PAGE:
When it comes to the painted legs, mark from the bottom of each sawhorse about 10 inches, marking all four sides and using painters tape for marking off the wood. You can place the wood in a well-ventilated area. Avoid over-spraying the bare wood when spraying the legs. Next, carefully remove the tape and wait for about an hour prior coating it with an outdoor urethane.
25) Built-It-Yourself Sawhorse by Construction 101
This DIY sawhorse includes the following materials five 2×4 lumber 8ft, scrap plywood, 3 inches deck screws, and scrap plywood. For the construction process, cut the six 2 by 4 to 32 inches long. Build an I-beam using 2×4’s and 3 inches deck screws for assembling the I-beams. Next, cut the eight 2×4’s to 26 ¼ inches for the legs. You can drill pilot holes on the sawhorse legs, assembling them with the use of 3 inches deck screws. Cut the scrap plywood to size, attaching to the sides with the use of 3 inches deck screws.
The skill level in building this sawhorse is intermediate. While you can use available boards or plywood in your area, it is important to follow the exact dimensions for the expected result. Now, you are more confident building your own sawhorse that your children or grandchildren can also use in the future because of its superior durability and practical use.
26) Samurai Sawhorse Plan
When it comes to building this Samurai Sawhorse Plan, the materials you will need include four 4×6 4′, four 4×4 4′, one 2×4 6′, and one 2×2 2′ for hardwood wedges. The tools you need are miter saw, table saw, hand saw, router, drill, drills, thickness planer, and hand tools. Glue is not needed for this project if the joints are tight because of the joinery style used in this project. You may still used glue as preferred. The builder recommends using a hardwood or semi-hard for these sawhorses.
This plan is not suitable for beginners. While this is a great project, the drawings and instructions are quite challenging. This sawhorse plan has plenty of joineries. It is important to know what you are doing to build this sawhorse. However, this is a great sawhorse plan if you want a challenging job.
27) Sawhorses by Jimmy Diresta
Jimmy Diresta creates a lot of videos and among these include the 10 sawhorses that can be seen in a very nice edited video. The builder used plywood for sawhorse the legs and 2 by 4 for the beams. These sawhorses plans are easy to build. If you are not bothered using plywood, then this sawhorse plan is for you. Building a sawhorse does not need to be expensive, you can use available materials at home. This will surely save you money than buying ready-made sawhorses.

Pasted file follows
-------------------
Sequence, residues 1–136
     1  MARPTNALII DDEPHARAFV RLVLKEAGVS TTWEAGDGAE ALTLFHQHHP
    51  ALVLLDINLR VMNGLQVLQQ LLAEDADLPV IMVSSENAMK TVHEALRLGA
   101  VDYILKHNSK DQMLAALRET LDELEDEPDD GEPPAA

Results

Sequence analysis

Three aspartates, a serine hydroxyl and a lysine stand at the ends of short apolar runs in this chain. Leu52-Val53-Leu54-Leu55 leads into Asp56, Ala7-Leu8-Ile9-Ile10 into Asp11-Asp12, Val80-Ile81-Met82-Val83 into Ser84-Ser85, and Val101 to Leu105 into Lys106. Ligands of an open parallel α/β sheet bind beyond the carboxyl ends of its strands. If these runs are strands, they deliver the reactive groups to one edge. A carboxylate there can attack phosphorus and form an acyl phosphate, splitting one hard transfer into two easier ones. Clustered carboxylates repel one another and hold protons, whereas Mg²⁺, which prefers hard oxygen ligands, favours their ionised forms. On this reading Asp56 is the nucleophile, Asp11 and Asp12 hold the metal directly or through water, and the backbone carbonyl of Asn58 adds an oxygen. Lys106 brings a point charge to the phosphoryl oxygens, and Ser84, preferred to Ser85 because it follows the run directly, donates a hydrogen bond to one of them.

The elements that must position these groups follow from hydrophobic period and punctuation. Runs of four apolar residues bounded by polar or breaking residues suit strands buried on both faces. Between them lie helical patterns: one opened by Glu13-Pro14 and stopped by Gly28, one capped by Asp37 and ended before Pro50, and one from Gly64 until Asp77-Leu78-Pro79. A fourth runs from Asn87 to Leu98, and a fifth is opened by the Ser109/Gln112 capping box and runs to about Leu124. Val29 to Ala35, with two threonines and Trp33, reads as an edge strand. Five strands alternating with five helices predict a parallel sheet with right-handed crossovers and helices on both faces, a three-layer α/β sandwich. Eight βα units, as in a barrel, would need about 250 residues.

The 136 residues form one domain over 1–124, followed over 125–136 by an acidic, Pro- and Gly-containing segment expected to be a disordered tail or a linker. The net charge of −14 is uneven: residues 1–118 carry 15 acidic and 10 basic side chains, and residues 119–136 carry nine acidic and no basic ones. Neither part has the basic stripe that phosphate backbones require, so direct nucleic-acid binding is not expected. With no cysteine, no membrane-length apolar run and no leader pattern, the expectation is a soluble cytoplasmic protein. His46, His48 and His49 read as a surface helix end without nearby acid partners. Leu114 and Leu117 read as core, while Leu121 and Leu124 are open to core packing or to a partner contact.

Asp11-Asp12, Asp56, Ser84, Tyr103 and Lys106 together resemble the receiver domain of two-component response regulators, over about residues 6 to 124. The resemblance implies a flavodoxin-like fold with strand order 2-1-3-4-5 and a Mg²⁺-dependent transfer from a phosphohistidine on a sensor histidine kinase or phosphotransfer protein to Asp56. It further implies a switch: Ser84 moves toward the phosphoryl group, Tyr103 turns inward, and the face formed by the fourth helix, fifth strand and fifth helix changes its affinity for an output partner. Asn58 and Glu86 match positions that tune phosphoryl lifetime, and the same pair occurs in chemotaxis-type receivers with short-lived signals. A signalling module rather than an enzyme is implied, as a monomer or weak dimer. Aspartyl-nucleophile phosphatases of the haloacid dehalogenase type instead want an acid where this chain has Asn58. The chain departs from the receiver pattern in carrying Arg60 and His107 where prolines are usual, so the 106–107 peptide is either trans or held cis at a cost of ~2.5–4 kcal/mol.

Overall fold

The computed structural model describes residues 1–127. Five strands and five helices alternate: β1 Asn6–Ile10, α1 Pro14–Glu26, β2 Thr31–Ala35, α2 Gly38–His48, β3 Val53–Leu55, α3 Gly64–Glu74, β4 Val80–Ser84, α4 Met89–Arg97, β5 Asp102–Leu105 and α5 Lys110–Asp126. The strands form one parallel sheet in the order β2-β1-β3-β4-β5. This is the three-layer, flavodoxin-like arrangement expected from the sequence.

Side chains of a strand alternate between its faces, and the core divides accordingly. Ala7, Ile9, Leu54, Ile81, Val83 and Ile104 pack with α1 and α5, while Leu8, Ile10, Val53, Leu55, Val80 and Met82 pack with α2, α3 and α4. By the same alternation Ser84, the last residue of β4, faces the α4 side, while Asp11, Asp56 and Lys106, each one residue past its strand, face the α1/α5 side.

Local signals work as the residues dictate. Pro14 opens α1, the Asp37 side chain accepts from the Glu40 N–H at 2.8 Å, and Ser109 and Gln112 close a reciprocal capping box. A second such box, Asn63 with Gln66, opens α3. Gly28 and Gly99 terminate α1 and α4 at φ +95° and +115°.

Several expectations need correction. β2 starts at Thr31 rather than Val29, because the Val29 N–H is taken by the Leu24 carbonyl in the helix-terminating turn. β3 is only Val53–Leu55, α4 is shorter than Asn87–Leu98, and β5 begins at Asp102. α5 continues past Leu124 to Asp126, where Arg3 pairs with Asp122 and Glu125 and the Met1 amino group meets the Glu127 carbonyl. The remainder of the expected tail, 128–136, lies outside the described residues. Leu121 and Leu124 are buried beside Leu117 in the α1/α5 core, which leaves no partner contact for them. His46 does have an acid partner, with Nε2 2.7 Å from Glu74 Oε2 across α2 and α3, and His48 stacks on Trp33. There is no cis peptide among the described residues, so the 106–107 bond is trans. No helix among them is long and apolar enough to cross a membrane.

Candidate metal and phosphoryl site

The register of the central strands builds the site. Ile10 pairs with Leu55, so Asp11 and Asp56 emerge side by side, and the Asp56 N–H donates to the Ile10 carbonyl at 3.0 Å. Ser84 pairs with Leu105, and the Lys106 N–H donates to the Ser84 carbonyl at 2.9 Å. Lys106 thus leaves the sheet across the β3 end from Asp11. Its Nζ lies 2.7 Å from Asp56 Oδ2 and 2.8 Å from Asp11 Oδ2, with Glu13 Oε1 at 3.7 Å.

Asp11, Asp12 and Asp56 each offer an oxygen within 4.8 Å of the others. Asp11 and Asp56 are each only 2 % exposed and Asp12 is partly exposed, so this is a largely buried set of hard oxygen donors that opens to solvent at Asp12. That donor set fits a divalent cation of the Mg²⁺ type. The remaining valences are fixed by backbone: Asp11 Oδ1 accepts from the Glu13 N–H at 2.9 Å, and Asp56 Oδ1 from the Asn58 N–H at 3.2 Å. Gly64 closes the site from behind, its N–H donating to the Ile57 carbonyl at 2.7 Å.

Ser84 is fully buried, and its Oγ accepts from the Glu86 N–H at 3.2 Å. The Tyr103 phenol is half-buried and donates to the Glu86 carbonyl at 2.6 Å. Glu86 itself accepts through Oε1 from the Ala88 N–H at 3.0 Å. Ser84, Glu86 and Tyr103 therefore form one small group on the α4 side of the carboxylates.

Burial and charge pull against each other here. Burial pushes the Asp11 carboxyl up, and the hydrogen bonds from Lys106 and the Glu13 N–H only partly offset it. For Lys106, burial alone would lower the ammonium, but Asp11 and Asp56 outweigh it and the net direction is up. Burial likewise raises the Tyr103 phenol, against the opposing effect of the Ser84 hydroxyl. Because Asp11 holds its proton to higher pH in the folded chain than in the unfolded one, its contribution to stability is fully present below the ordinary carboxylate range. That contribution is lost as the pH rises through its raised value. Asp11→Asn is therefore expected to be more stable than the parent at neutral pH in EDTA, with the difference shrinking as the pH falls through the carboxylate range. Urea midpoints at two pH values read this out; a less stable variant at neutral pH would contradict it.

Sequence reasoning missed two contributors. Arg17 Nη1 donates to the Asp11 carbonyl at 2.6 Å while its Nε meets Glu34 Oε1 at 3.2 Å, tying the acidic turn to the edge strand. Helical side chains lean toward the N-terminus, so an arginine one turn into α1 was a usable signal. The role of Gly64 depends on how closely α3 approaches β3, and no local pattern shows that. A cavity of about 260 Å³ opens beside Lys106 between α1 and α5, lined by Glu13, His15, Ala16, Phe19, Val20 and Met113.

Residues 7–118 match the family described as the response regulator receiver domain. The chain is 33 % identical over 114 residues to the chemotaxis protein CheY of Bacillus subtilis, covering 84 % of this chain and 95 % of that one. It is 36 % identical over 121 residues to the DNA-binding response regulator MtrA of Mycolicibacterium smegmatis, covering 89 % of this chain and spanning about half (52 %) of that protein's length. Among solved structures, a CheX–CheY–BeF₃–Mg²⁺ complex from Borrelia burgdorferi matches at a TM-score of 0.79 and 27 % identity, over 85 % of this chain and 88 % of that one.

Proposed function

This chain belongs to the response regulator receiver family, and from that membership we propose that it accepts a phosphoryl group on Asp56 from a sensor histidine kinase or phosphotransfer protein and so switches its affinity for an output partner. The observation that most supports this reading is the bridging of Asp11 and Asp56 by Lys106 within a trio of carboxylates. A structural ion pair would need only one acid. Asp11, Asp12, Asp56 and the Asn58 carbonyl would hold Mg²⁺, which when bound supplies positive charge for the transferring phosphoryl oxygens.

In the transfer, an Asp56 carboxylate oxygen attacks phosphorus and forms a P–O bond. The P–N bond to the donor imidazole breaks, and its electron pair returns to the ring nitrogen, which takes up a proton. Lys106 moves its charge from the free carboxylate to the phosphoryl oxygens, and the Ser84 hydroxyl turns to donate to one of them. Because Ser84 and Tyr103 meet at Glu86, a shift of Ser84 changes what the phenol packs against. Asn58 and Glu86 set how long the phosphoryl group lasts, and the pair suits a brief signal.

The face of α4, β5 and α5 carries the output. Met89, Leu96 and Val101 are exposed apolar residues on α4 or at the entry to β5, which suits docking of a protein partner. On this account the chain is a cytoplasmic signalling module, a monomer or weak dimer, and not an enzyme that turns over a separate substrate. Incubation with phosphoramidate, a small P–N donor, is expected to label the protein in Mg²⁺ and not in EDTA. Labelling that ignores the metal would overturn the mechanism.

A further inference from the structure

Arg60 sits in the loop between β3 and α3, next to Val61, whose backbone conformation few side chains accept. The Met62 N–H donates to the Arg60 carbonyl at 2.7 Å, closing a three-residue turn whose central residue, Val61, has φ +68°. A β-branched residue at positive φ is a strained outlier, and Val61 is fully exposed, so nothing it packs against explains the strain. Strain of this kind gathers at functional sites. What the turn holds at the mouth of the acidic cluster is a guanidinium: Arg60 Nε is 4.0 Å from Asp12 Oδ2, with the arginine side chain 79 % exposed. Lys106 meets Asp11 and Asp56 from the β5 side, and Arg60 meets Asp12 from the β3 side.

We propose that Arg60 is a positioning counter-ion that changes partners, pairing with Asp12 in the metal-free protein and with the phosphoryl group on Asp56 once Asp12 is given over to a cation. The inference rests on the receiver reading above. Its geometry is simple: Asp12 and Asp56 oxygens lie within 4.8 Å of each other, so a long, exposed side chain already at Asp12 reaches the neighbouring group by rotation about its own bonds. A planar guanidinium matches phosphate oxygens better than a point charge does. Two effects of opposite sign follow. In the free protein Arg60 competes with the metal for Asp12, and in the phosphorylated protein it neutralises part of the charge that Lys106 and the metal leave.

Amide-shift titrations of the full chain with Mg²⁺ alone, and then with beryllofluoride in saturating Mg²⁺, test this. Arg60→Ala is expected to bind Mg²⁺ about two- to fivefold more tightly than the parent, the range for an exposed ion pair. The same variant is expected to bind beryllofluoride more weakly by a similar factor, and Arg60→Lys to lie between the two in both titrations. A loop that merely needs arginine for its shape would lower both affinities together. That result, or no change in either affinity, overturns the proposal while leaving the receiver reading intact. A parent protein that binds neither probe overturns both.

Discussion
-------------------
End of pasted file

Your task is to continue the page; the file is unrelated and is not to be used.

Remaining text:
28) Replaceable Inserts Save DIY Sawhorses by Woodsmith Tips
These sawhorses are just like others and they also get chewed up with long use. The difference with other sawhorses is that these sawhorses have a replaceable insert which is made from 2x stock. Once the insert is riddled with saw kerfs, you can just simply replace it. You can save floor space by stacking them together and these are also stable.
Forming an opening for the insert involves two rails and a spacer in between that are made of ¾ inch thick stock. The rails are notched, making a socket for the sawhorse legs to fit into. Once you cut the notches, clamp and glue the rails and the spacer together. For the insert, cut to size from the 2x stock. It is held in place using a bolt, passing through a hole that is drilled in the insert and the rails. These sawhorses are supported by 2×4 legs nesting in the sockets in the sawhorse rails. Attach a ½ inch plywood gusset to the ends of sawhorses to prevent racking.
29) Light and Strong Sawhorses by Fine Woodworking
These sawhorses are lightweight and very sturdy. The design never fails the builder. They are stackable and you can store an entire lot in a single stack. You can attach the legs using a scarf joint clamped, screwed, and glued. The added spline to the joint boosts strength and maintains the right angle for the splay while assembling. Adopt this sawhorse plan using your easy to intermediate carpentry skills.
The tricky part is cutting the scarf. You will need a jig, miter, clamp, and table saw. You need to miter the ends of the legs with 15 degrees with a compound miter. Clamp the legs in the jig and cut the cheeks using a table saw blade vertically set. This is a clear and easy to understand diagram of sawhorse with stability, portability, and durability.
30) Heavy-Duty Sawhorse Plan
This is a heavy duty sawhorse. It is a folding sawhorse made of timber trestles which is a natural material from solid pine. It gives the final product longevity, strength, durability, and keeps work wood pieces in a very stable position. The fact is that professional carpenters or joiners prefer timber sawhorses than plastic and other materials because they are more stable and durable. It is time to build yours today!
When it comes to building this sawhorse, you will only need basic tools that you normally see on your workshop of job site like a circular saw, hand saw, and jigsaw. You’ll also need drill or screwdriver, paintbrush, and hammer. But take note that these are not necessary. You can be resourceful and creative so you can build your own sawhorse without compromising the quality. Now, you can be confident building your own sawhorse with the help of this plan.